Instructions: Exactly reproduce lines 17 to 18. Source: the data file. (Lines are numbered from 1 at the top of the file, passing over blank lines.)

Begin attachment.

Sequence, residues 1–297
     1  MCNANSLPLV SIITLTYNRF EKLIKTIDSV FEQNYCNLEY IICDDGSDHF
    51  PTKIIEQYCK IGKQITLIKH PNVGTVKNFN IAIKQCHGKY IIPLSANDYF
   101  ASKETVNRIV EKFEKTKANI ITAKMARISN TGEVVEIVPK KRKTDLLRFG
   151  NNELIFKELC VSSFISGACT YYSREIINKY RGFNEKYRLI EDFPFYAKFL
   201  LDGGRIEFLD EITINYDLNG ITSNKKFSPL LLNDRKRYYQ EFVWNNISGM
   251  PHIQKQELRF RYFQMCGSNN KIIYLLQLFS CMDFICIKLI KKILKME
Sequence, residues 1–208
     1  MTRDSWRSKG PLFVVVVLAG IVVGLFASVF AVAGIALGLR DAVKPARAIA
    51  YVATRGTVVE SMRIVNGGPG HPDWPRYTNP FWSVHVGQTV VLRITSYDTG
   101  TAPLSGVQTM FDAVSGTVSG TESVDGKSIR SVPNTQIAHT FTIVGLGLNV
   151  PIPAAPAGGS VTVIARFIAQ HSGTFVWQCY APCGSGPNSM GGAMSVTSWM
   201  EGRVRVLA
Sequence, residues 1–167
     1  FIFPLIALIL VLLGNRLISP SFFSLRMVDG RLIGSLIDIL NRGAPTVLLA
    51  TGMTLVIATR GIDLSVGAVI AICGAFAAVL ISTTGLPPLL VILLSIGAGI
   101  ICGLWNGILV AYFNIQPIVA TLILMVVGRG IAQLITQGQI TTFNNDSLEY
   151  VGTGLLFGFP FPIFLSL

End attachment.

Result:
   101  ICGLWNGILV AYFNIQPIVA TLILMVVGRG IAQLITQGQI TTFNNDSLEY
   151  VGTGLLFGFP FPIFLSL